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Neuroscience. 2013 Oct 10;250:798-808. doi: 10.1016/j.neuroscience.2013.06.013. Epub 2013 Jun 20.

Changing coupling pattern of The ON-OFF direction-selective ganglion cells in early postnatal mouse retina.

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State Key Laboratory of Brain and Cognitive Sciences, Institute of Biophysics, Chinese Academy of Sciences, 15 Da-tun Road, Beijing 100101, China; University of Chinese Academy of Sciences, No. 19A Yuquan Road, Beijing 100049, China.


In the adult rabbit and mouse retina, about 30% of the ON-OFF direction selective ganglion cells (DSGCs) are coupled via gap junctions. In early postnatal rabbit retinas, a greater proportion of morphological ON-OFF DSGCs shows coupling with a larger number of nearby somas. It is not clear whether the coupled ON-OFF DSGCs belong to the same subtype, or how coupling patterns change during development. In this study, we showed that in adult mouse retinas, all coupled ON-OFF DSGCs exhibited preferred directions (PDs) to superior, and this pattern emerged at postnatal day 15 (P15). At P13, the ON-OFF DSGCs with PDs to posterior were also coupled. Every ON-OFF DSGC in every subtype injected at P12 exhibited coupling. Therefore, a rapid decoupling process takes place in DSGCs around eye opening. Light deprivation delayed but did not halt the decoupling process. By using a transgenic mouse line in which green fluorescent protein (GFP) is selectively expressed in DSGCs with PDs to posterior and by performing in situ hybridization of cadherin-6, a marker for the DSGCs with PDs to superior and inferior, we showed that heterologous coupling existed between DSGCs with PDs to anterior and posterior till P12, but this heterologous coupling never spread to DSGCs positive for cadherin-6.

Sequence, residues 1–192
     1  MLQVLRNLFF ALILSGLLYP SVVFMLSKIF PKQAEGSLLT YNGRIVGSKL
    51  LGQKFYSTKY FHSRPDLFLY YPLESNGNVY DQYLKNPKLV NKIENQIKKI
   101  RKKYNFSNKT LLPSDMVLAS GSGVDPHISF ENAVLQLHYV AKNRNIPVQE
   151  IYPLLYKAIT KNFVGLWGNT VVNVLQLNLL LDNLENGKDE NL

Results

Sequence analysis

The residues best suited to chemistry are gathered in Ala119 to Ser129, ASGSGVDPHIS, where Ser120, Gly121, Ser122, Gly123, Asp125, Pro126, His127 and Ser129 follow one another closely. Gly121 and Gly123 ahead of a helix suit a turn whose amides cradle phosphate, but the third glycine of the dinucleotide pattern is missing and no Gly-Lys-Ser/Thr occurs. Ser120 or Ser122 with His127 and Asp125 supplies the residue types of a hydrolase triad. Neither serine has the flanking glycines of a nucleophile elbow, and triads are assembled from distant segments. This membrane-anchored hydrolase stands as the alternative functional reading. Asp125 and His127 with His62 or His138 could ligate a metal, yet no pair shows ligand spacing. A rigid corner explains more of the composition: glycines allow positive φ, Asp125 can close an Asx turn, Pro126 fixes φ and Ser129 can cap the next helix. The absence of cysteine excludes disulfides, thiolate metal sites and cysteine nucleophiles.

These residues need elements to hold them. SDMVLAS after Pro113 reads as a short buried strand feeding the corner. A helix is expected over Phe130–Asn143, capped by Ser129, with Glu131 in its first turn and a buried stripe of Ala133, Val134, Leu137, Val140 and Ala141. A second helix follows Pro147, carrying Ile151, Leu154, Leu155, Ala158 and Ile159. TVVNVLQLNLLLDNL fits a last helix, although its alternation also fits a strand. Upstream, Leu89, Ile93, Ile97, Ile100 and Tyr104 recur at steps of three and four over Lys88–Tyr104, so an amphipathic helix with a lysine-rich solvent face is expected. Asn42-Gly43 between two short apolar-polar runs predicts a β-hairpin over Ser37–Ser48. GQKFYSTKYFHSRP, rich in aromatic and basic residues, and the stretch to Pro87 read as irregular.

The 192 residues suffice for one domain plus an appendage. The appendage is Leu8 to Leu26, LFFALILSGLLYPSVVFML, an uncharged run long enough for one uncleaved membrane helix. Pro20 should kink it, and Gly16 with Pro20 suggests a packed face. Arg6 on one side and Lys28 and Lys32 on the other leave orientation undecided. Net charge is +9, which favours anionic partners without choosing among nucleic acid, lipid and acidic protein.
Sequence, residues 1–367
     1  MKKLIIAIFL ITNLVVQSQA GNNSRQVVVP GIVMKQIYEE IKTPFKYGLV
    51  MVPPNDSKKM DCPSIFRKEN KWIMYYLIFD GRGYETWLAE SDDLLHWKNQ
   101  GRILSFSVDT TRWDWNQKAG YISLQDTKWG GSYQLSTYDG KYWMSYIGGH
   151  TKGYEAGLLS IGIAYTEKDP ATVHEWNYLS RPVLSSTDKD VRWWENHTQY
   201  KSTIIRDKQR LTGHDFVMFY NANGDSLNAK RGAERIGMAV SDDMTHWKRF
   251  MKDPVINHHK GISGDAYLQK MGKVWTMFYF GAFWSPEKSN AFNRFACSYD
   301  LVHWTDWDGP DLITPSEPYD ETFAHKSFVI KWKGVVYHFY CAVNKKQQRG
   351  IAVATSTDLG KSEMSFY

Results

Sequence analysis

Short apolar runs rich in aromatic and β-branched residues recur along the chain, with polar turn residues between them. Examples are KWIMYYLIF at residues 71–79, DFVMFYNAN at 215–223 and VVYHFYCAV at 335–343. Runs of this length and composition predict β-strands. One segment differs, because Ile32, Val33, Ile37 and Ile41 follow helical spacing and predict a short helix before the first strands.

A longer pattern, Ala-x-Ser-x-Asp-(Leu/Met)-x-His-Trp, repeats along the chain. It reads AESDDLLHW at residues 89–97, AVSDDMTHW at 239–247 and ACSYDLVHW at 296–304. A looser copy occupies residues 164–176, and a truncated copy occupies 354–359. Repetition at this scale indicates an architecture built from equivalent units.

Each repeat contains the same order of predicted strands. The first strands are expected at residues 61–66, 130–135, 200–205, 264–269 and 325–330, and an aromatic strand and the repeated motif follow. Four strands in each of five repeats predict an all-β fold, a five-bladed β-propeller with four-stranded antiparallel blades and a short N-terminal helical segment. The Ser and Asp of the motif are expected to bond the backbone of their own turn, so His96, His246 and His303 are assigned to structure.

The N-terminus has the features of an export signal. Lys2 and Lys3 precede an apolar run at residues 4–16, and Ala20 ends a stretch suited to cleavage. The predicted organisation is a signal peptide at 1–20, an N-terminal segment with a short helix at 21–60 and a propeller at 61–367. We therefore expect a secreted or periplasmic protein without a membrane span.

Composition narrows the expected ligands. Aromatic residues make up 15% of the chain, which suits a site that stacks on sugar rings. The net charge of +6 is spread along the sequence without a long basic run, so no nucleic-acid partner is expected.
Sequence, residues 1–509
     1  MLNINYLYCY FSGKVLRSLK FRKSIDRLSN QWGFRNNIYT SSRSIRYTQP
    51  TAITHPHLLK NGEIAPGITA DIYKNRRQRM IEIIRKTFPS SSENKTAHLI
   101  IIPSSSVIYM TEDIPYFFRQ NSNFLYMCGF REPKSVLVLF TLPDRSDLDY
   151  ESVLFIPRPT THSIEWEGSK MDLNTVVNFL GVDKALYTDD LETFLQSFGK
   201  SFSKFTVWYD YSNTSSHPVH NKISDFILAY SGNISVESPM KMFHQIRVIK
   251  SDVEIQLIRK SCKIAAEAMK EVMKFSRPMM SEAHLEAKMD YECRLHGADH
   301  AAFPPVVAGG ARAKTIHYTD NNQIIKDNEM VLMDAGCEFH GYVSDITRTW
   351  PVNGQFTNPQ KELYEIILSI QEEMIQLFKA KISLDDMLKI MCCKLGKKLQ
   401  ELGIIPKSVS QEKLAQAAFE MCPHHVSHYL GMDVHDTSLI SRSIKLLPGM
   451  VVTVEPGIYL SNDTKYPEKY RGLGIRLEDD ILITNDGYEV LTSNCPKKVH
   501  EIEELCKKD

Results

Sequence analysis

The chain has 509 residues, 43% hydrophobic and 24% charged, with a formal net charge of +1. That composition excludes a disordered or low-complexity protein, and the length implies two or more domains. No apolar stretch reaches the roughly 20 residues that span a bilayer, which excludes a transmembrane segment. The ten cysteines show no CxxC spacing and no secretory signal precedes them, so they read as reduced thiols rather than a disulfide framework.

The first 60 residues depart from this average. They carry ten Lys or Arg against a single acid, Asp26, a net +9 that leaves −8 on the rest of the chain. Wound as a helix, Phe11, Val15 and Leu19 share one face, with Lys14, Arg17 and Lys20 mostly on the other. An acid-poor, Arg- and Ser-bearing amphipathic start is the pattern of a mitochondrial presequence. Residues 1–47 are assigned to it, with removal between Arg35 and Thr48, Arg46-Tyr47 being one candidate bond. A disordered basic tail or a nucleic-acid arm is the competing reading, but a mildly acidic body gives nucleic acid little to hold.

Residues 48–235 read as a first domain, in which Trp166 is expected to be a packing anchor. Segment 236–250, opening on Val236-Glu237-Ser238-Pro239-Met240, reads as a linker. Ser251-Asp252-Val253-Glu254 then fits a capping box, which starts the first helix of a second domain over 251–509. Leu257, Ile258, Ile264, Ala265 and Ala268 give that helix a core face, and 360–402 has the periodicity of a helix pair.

4-(2-hydroxyethyl)-1-piperazineethanesulfonic acid; A (Ant); Cdh6; Col25α1; DSGC; EGTA; HEPES; I (Inf); P (Post); PD; S (Sup); SAC; anterior; cadherin-6; collagen25 alpha 1; direction selective ganglion cell; ethylene glycol tetraacetic acid; gap junction; inferior; mouse; posterior; preferred direction; retinal ganglion cell; starburst amacrine cell; superior; tracer coupling

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